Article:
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on american research. you know, the headline is one thing. the facts are another. the facts in the pharmaceutical industry is we have a three competitive markets so some pairs pay high prices, some payers pay low prices. in the united states all the way down to 0, where is in some of the compassionate use and some of the veterans administration pricing, for example. other countries, the price is set by government and it's one price. if you look at just the manufacturers top price, sure, it's margely different country to country and marginally different in the united states as well. >> good luck with the company and mri we hope solves a lot of issues with cancer patients. thank you for joining us. >> thank you. bond market, rick santelli is tracking it all. rick? >> well, even though the markets seem to reverse, the trend of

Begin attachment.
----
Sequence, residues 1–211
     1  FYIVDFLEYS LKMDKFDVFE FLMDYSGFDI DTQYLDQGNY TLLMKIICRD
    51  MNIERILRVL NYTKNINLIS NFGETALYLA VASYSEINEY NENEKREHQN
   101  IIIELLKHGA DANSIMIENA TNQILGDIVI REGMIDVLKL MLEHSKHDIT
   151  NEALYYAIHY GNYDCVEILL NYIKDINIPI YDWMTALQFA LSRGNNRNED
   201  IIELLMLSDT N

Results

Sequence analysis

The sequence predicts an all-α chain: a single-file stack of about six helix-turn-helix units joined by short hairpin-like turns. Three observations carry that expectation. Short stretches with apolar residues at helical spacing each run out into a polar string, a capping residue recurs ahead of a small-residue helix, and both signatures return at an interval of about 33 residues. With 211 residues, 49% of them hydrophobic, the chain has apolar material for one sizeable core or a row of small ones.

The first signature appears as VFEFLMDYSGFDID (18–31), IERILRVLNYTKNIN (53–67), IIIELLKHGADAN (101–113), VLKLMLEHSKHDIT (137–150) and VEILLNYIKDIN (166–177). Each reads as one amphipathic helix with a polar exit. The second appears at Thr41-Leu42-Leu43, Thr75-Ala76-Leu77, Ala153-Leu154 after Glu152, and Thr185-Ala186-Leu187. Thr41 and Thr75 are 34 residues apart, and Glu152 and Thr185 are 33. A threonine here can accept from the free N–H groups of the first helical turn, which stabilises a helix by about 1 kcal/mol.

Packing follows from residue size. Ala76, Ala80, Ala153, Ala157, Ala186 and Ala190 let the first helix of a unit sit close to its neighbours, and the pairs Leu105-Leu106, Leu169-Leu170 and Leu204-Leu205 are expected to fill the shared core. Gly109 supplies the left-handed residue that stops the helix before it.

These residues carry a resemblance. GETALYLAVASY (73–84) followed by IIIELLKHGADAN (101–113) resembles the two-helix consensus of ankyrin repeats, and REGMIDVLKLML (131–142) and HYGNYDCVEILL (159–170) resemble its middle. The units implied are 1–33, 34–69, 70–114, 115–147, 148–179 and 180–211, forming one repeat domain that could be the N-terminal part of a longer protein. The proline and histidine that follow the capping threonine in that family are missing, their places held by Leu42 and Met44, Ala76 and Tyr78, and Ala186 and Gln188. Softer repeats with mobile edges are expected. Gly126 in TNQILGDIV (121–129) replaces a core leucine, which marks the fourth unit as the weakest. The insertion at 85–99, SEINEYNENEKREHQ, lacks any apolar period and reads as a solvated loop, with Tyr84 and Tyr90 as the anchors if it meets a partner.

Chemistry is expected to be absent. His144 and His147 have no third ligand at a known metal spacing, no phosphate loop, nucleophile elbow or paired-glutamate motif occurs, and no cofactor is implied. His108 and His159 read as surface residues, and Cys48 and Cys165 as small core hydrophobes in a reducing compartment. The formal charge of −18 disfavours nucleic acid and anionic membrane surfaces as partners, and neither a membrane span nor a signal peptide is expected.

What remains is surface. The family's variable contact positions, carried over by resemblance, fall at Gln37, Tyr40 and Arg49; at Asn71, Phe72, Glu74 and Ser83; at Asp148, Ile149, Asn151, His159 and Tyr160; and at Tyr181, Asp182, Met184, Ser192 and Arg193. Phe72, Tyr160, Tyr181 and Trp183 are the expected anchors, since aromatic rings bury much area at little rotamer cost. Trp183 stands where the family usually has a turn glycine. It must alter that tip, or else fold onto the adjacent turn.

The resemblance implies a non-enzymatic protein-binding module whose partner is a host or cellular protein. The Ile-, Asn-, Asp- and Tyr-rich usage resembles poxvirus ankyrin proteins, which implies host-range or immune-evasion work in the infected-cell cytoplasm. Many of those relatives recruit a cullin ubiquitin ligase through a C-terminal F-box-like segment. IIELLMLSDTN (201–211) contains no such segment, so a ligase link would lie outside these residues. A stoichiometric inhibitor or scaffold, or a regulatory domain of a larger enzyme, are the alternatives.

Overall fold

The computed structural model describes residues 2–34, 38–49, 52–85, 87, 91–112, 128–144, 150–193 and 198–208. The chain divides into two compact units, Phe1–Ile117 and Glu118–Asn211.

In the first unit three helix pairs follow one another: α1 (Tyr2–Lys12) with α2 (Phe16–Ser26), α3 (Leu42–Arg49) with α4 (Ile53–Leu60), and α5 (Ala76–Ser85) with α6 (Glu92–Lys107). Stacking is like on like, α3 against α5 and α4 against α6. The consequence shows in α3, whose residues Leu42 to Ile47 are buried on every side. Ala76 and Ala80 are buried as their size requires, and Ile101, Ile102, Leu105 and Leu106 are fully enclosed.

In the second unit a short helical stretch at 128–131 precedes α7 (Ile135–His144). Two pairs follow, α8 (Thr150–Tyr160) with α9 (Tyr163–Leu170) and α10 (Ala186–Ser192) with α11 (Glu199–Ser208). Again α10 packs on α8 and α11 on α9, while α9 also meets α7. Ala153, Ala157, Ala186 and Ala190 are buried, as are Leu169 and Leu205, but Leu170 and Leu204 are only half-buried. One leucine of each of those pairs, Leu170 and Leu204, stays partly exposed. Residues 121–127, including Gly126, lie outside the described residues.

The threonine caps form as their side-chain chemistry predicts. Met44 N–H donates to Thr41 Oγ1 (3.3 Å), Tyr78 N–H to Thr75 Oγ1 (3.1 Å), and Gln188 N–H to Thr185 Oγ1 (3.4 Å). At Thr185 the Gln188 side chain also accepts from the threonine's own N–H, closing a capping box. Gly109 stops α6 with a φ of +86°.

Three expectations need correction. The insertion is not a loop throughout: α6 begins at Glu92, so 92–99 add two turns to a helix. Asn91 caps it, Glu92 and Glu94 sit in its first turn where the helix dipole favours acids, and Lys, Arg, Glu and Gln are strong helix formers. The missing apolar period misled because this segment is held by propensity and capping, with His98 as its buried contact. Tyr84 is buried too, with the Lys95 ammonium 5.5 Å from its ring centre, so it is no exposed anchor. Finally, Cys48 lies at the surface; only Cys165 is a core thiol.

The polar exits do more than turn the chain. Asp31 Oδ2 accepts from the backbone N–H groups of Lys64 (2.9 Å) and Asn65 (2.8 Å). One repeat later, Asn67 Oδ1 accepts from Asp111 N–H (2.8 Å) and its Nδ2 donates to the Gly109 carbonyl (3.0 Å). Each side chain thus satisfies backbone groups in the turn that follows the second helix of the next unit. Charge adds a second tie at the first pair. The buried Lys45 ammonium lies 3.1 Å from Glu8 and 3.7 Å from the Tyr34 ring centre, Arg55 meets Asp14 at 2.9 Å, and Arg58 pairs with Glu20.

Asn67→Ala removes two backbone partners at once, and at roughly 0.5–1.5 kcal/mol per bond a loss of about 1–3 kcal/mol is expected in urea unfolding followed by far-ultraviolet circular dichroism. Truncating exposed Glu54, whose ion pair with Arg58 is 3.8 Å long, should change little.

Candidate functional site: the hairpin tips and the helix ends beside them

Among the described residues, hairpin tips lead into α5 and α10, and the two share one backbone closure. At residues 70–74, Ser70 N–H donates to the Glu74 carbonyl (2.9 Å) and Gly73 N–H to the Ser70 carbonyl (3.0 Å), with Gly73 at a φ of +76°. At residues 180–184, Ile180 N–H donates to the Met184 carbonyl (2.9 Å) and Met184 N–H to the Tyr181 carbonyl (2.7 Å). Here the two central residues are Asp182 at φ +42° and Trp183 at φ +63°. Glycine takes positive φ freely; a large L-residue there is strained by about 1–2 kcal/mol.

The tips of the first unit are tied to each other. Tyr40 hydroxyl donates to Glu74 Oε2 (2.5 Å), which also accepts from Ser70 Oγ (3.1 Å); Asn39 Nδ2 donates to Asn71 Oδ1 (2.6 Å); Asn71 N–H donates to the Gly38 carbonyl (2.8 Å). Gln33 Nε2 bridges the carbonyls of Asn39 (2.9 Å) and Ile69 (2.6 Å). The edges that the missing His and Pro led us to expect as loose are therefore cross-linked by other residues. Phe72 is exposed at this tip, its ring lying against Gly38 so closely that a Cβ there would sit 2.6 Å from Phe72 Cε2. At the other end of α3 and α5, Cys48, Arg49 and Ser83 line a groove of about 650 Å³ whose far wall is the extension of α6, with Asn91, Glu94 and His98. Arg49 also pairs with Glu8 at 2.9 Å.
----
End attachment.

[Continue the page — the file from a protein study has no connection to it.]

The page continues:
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higher rates continues, albeit not fast, but at critical junctions. june 1st, two year, in 2009, last time at these levels, close to 135, intra-day of ten, yes, up a handful of basis point. year to date chart, yes, down on the year, price up in yield, 245, but here's something fascinating. five weeks to the day, five thursdays ago, last we settled at 250 wabecause because we jus touch 50 again. finally, a week of the dollar index, not only elevated in coming back, making since, but as it sits right now, it's pretty much exactly unchanged on the year. michelle, back to you. >> extraordinary. okay. thank you, rick. they make millions of dollars, and all too often we hear about nfl players going broke in retirement. what the miami dolphins are doing to change that. we have dolphins' owner and pro-bowler joining us live in studio.